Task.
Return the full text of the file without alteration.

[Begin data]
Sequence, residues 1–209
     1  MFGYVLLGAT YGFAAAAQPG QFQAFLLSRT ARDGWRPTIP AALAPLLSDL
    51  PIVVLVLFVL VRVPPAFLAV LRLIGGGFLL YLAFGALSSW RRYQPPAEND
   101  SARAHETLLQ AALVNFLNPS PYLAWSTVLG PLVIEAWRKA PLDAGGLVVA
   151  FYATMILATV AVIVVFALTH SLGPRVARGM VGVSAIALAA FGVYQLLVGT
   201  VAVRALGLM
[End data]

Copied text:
Sequence, residues 1–209
     1  MFGYVLLGAT YGFAAAAQPG QFQAFLLSRT ARDGWRPTIP AALAPLLSDL
    51  PIVVLVLFVL VRVPPAFLAV LRLIGGGFLL YLAFGALSSW RRYQPPAEND
   101  SARAHETLLQ AALVNFLNPS PYLAWSTVLG PLVIEAWRKA PLDAGGLVVA
   151  FYATMILATV AVIVVFALTH SLGPRVARGM VGVSAIALAA FGVYQLLVGT
   201  VAVRALGLM